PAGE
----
As for the AP1100, it is an amazingly portable mount for what it is.  I transport it with the axes separated.  I set the RA for zero degrees latitude to minimize its size, and then I can get both halves into a single plastic tub, with padding around each half and between the halves.  I can lift the tub easily enough with both halves in it, but once I arrive on site, I usually carry the halves separately from the cargo trailer to the pier.  They are each light enough that I sometimes do it in one trip, with one half in each hand.

As for running cables through the mount, I use a Pegasus Astro Ultimate PowerBox V2.  Each of my imaging scopes have dovetails on both the top and bottom.  I mount the PowerBox on the top dovetail  Most of the cables are just a short run, locally on the scope (I started doing this after seeing that Astro-Physics set up their display Mach2 at AIC this way, and it works brilliantly).  This makes it easy to leave the camera, focuser, PowerBox, dew straps, etc. permanently attached to the scope.  I can then mount and unmount the scope, with everything attached, as a single piece.  I'm currently using only refractors for imaging, and I can mount or unmount everything as one piece.  With a much larger imaging scope, it would be more work.

As for the computer, I use a NUC.  Instead of mounting it on top of the scope, I have it permanently mounted inside of an Apache case, with a wireless router, a network switch, a RigRunner, etc.  To attach the computer, I just set the case on the ground and run two cables through the mount, one power cable and one USB cable.  This is trivial to do on either the AP1600 or AP1100 and takes just a few seconds.  I run power and an Ethernet cable to the mount directly from the case.  When I am done, I just disconnect the cables and close the case.

Moving forward, I miss having the AP1600 at each remote site that I use.

I like to image with one scope and do visual with my C14.  The two Astro-Physics mounts are the only ones I have that are suitable for imaging or carrying the C14.  So when I leave the AP1600 home, the C14 also stays home and I do visual either with a smaller scope mounted on an AVX, or with my 14" Dob.  The plan for 2022 is to build a roll-off roof observatory at home and move the AP1600 into it permanently.  The observatory will be large enough for an imaging pier and a visual pier.  The AP1100 will spend most of its time in the observatory, but will come with me to each remote astronomy event.

To be able to do both imaging, and visual with the C14 at the same time, I have put myself on the Mach2 notification list.  I'll be using the Mach2 and the AP1100 as my portable mounts.  When not doing portable duty, either the AP1100 or Mach2 will be in the observatory as a visual mount.  I'm not sure which mount that will be.  I'll make that decision after getting to know the Mach2 really well.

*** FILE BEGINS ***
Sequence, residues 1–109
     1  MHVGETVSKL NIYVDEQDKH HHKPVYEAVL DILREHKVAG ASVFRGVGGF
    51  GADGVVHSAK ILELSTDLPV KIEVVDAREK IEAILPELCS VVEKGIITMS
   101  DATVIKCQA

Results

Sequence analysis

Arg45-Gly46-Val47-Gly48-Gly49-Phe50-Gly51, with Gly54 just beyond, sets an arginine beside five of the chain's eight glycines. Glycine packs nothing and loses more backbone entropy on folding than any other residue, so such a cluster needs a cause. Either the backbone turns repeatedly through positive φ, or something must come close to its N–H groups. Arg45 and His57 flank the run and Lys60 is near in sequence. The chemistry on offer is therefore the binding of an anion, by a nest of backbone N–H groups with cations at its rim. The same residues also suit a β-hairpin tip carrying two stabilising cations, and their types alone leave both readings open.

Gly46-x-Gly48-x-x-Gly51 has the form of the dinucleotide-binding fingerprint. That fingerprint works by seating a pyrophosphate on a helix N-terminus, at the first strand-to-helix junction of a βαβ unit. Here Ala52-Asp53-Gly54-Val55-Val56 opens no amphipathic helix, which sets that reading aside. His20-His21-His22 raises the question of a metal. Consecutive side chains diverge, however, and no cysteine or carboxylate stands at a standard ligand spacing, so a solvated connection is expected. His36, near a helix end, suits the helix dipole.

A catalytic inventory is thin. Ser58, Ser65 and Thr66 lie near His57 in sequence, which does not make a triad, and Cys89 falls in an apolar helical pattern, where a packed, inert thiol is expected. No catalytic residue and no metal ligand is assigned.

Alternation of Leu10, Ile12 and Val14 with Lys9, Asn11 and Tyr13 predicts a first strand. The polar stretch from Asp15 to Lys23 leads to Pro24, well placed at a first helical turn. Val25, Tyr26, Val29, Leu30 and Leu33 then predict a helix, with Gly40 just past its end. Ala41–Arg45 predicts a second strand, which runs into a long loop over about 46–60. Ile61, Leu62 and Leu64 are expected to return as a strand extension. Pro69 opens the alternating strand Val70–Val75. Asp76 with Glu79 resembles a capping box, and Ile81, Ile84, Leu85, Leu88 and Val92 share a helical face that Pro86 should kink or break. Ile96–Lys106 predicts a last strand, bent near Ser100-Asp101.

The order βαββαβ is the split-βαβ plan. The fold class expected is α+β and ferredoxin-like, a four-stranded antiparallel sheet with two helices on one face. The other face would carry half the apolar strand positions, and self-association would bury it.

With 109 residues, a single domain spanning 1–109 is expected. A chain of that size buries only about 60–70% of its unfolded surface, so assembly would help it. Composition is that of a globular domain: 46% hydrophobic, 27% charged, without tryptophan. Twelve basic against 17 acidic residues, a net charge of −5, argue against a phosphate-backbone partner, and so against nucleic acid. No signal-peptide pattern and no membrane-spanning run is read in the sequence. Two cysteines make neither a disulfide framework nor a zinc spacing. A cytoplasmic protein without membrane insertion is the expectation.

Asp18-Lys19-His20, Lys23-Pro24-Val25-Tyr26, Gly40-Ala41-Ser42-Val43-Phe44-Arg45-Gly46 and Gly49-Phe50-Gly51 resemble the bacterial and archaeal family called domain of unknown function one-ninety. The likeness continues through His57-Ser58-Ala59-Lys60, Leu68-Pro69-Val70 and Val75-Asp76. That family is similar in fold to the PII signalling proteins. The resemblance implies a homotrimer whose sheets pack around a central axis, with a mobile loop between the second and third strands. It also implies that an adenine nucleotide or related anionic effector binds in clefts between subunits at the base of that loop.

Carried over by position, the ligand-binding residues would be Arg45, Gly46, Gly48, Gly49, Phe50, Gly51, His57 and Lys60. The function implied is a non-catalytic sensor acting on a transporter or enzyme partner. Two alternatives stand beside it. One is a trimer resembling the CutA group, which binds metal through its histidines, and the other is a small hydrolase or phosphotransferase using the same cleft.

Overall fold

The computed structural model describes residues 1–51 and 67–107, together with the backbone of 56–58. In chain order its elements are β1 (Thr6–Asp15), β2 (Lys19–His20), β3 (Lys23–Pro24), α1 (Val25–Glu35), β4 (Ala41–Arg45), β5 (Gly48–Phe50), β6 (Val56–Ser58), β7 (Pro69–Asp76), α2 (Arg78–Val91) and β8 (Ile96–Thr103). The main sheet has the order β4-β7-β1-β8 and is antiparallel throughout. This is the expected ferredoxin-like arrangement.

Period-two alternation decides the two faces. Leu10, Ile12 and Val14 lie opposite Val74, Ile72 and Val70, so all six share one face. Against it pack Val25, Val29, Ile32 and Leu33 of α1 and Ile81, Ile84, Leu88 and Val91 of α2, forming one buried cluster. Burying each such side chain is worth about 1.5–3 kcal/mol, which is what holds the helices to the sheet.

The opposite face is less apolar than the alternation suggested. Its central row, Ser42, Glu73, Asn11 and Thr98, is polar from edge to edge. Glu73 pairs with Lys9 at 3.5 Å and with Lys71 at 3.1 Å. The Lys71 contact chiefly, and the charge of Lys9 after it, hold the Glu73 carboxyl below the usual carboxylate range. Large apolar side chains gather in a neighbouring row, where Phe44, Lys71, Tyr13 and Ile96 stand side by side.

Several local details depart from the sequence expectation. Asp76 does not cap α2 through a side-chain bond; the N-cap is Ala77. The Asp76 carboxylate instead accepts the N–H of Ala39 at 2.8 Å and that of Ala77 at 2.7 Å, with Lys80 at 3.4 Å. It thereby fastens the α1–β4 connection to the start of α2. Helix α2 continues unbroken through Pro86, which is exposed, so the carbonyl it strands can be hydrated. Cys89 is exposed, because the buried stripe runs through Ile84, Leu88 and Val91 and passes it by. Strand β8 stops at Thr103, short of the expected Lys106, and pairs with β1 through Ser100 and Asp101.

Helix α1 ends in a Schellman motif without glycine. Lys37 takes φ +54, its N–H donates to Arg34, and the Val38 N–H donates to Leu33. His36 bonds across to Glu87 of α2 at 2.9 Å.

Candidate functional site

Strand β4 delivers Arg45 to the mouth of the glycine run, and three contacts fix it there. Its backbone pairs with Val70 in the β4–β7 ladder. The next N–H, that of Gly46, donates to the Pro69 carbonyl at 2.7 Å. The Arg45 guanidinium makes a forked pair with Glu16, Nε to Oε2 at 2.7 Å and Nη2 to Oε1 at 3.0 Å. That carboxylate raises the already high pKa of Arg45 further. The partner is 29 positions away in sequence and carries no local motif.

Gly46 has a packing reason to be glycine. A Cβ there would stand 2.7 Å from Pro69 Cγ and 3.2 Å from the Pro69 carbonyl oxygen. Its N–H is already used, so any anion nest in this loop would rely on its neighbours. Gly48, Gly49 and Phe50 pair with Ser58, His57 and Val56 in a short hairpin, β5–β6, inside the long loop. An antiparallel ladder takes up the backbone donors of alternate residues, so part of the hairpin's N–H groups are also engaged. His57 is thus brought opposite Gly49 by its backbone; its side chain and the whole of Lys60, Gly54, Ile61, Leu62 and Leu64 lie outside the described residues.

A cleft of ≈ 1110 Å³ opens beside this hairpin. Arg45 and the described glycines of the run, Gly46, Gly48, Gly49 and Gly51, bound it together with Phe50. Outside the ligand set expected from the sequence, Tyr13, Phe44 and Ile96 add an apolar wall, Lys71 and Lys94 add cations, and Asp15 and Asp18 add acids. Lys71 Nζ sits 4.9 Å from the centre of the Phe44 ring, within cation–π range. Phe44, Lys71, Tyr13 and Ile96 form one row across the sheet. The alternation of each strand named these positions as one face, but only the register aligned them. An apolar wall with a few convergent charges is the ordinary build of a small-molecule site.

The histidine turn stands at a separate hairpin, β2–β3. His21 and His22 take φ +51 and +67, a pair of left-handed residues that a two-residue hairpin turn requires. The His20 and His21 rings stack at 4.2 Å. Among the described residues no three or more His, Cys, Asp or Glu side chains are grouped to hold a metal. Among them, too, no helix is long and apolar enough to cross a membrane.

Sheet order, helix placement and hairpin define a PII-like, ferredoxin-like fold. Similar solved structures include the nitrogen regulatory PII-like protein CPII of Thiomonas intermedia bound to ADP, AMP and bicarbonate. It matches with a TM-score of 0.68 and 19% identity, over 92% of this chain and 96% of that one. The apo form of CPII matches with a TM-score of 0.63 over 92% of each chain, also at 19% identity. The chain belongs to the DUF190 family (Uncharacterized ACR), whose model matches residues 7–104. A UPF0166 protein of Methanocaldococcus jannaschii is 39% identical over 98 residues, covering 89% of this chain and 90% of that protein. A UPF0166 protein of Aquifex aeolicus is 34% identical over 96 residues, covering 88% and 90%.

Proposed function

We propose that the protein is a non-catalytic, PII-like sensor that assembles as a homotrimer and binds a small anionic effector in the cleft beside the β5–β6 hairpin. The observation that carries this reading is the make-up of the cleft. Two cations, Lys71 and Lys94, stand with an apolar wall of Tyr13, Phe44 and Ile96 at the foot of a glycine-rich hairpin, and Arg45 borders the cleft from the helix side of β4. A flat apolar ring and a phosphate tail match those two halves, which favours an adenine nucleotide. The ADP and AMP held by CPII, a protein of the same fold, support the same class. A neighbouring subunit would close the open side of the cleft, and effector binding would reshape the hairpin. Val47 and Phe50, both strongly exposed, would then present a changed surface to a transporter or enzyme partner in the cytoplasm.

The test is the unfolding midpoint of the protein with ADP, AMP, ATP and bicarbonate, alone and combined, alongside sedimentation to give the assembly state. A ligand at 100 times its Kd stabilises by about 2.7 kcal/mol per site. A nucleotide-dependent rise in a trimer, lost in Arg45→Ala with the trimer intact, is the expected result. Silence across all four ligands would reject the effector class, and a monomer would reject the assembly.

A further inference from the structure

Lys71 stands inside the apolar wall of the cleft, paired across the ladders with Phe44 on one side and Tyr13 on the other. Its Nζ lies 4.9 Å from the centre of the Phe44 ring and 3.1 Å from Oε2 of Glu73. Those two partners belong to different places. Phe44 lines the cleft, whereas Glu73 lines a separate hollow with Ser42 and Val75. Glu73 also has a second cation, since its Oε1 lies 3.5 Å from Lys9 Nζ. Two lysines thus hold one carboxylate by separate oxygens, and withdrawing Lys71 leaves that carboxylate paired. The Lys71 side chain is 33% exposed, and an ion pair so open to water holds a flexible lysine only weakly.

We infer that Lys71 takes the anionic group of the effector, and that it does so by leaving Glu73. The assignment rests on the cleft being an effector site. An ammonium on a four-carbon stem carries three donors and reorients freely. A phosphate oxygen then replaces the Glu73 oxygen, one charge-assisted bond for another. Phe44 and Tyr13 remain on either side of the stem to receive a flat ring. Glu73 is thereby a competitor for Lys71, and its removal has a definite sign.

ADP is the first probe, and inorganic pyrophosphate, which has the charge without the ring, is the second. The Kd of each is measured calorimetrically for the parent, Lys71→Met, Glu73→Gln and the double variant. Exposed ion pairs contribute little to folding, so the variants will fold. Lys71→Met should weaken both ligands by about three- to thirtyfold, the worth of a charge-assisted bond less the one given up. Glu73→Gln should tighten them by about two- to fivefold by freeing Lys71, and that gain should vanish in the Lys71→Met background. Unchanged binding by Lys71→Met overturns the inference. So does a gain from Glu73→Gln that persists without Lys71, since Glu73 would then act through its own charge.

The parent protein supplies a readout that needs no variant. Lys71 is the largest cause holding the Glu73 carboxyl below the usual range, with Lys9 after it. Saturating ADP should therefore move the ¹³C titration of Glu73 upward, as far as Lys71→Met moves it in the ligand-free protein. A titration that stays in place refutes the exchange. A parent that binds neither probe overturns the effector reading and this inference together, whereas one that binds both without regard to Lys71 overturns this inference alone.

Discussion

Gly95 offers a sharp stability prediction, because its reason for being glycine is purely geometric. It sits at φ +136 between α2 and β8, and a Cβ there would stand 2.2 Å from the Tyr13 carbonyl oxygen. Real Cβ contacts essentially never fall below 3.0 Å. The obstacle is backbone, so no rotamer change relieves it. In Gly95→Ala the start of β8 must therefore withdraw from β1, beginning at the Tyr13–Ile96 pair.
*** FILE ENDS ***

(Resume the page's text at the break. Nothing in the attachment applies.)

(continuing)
On 11/28/21 4:02 PM, Howard Ritter via groups.io wrote:

I’m glad to hear that the 1100 lives up to its reputation as being easily transportable in two pieces. I’m expecting to take delivery of a new 1600GTO at our winter home in Florida in February, and to transport it back to our primary residence in Ohio in May. I envision using it on a Berlebach Planet tripod to carry my 155 EDF refractor and 8” RASA in Florida, and on Meade’s giant field tripod to carry a Meade 16” SCT back in Ohio. Optimistically, I’m hoping to make this round trip every year. According to the AP webpage, I should be able to single-hand the 1600 taken down into its basic components. 

 

Does anyone have personal experience using the 1600 as a transportable mount?

 

On Nov 28, 2021, at 15:04, dvjbaja <jpgleasonid@...> wrote:

 



I do this always with the 1100.  Easy to store, handle, assemble.  I passed on the Mack 2 because of its weight.  The 1100 breaks into more manageable pieces and was actually less expensive with better load carrying capability with the option to upgrade to Renshaw encoders later if I wish.  Tracking is so good, I doubt I will ever do that.  

 

Clear sky!  

 

 

 

Sent via the Samsung Galaxy Note9, an AT&T 5G Evolution capable smartphone

 

 

-------- Original message --------

From: Masahiko Niwa <masahiko234@...>

Date: 11/28/21 8:29 AM (GMT-08:00)

Subject: [ap-gto] Portability of RA and DEC modules

 

I would like to hear about your experiences. I am considering buying a 1100 GTO. I live in the city and would have to travel by car to shoot. I'm thinking of taking the RA and DEC modules of 1100 GTO in pieces and assembling them in the field. Is this realistic?

 



ap@CaptivePhotons.com
 

On Mon, Nov 29, 2021 at 05:39 PM, W Hilmo wrote:
I make my own power cables.
This is really the most straightforward solution.  With $100-150 USD from Powerwerx/Amazon you can get a bunch of pigtails in various configurations, a powerpole crimper and connectors (get the real thing not the fakes), and some 14AWG or 16AWG wire (the former for longer runs or the "main" run if you run everything off one power supply).  This will get you ready for practically any changes you ever need to make.  Look through powerwerx distribution blocks and meters while there, some nice handy stuff.